The present invention is the result of surprisingly discovering a foam that is especially well suited for insulating a building structure, particularly retro-insulating a building structure, because the foam concomitantly has a vapor permeability sufficiently high to allow water vapor to escape the building structure while also having a low enough thermal conductivity to serve as a thermal insulator and a compressive strength sufficient to support materials and workers during installation.
  • [0014]
    In a first aspect, the present invention is a building structure comprising: (a) multiple support members spaced apart from one another so that two neighboring support members have a space between them and each support member having opposing inside and outside surfaces; and (b) a thermoplastic polymer foam spanning the space between two neighboring support members and attached to the outside surface of two or more of the support members; wherein, the thermoplastic polymer foam: (i) has a resistance to water vapor permeability value that is less than 50 according to EN 12086; (ii) a thermal conductivity that is less than 40 milliWatts per meter*Kelvin as measured according to EN12667; (iii) a compressive strength greater than 80 kilopascals as measured according to EN 826; and (iv) a density of 48 kilograms per cubic meter or less according to EN 1602.
  • [0015]
    Embodiments of the first aspect of the present invention may have any one or any combination of more than one of the following characteristics: the thermoplastic polymer foam has a continuous polymer phase comprising an alkenyl aromatic polymer; the building structure is free of a vapor barrier component having a water vapor permeability value higher than 50 as measured according to EN12086 and that extends across two or more support members spanned by the thermoplastic polymer foam; the thermoplastic polymer foam has a resistance to water vapor permeability of 10 or more; the thermoplastic polymer foam is further characterized by having a density of 24-48 kilograms per cubic meter according to ISO 845-95; the thermoplastic polymer foam is further characterized by having an open cell content of 40% or more and 100% or less according to ASTM D2856; the thermoplastic polymer foam is further characterized by having a thickness of 50 millimeters or more; the building structure is one or more structure selected from a group consisting of roof structures and wall structures; the building structure is a timber frame wall structure; the building structure is a pitched roof structure; and adjacent support members define a cavity between them and the building structure further comprises insulation residing in more than one cavity between support members.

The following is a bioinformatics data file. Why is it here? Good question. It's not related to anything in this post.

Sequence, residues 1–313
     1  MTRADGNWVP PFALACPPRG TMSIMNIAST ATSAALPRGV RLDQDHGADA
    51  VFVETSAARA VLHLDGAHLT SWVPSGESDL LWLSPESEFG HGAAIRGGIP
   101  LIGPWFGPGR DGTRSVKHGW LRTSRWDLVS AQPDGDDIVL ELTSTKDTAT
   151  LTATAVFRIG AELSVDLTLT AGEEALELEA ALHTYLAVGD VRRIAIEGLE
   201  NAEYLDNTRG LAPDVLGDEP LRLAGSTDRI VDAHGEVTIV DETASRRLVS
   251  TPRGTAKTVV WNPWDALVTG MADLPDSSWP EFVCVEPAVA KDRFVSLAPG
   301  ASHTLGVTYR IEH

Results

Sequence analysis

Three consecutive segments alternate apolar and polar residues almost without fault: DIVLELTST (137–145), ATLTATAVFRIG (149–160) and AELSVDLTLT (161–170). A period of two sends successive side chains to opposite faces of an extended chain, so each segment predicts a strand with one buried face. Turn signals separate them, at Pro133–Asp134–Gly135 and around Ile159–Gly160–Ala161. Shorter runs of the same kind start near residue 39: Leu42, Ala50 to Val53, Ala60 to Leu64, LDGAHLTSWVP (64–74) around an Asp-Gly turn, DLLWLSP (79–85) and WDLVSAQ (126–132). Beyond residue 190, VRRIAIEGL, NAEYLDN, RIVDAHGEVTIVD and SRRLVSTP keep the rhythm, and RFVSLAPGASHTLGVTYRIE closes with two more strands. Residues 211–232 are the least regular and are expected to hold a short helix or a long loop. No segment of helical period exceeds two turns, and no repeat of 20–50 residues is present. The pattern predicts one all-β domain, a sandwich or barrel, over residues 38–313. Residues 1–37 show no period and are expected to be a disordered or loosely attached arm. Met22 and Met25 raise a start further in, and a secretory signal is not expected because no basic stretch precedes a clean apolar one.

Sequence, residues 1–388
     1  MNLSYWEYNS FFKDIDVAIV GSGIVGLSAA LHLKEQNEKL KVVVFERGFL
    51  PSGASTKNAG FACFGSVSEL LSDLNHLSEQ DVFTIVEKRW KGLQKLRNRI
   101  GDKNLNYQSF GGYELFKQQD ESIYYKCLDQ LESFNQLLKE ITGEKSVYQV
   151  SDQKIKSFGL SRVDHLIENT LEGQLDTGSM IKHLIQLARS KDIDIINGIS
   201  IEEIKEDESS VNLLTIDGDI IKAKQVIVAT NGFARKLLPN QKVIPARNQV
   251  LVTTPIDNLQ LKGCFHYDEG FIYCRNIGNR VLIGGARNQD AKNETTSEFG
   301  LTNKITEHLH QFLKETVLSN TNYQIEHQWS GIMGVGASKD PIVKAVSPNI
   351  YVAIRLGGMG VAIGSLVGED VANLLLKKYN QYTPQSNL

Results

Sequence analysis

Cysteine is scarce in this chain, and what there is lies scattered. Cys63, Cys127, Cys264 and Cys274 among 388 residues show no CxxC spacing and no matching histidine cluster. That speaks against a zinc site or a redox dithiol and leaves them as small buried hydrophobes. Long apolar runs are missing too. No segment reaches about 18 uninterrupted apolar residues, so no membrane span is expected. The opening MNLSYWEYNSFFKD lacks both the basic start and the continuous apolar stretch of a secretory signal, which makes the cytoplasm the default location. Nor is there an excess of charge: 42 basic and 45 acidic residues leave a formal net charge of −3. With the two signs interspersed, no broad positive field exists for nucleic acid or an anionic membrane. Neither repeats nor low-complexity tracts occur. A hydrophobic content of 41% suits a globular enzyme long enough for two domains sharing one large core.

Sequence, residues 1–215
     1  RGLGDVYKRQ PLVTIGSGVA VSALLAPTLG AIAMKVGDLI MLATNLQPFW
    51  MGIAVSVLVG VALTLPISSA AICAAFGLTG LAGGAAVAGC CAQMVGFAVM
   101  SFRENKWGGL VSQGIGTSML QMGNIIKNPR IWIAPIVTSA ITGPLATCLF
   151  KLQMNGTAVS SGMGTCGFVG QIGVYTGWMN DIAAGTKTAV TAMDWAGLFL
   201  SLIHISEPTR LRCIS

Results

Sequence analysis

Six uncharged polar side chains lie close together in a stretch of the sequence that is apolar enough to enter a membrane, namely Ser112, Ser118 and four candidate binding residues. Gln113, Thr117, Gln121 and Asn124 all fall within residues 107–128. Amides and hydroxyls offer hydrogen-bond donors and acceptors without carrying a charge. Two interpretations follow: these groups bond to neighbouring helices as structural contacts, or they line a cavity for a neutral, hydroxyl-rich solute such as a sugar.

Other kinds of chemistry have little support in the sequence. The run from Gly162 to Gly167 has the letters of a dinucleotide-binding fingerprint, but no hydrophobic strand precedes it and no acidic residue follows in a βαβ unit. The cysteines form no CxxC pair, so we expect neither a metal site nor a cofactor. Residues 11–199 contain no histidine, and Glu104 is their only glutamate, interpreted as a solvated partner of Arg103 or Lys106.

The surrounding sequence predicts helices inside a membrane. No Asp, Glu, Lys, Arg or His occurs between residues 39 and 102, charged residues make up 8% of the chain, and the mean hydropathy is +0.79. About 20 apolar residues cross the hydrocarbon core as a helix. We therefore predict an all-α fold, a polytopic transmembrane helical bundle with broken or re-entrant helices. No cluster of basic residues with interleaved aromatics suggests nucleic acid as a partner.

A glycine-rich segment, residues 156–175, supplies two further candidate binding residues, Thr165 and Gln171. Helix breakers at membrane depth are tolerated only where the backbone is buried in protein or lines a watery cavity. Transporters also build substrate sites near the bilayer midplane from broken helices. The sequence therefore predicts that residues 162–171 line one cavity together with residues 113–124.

• [0016]
    In a second aspect, the present invention is a method for insulating a building structure comprising the following steps: (a) providing multiple support members spaced apart from one another so that two neighboring support members have a space between them and each having opposing inside and outside surfaces; (b) providing a thermoplastic polymer foam that has a resistance to water vapor permeability that is less than 50 as measured according to EN12086, a thermal conductivity that is less than 40 milliWatts per meter*Kelvin as measured according to EN 12667, a compressive strength that is greater than 80 kilopascals as measured according to EN 826, and a density of 48 kilograms per cubic meter or less according to EN 1602; and (c) attaching the thermoplastic polymer foam to two or more of the support members such that the foam spans the space between two neighboring support members.
  • [0017]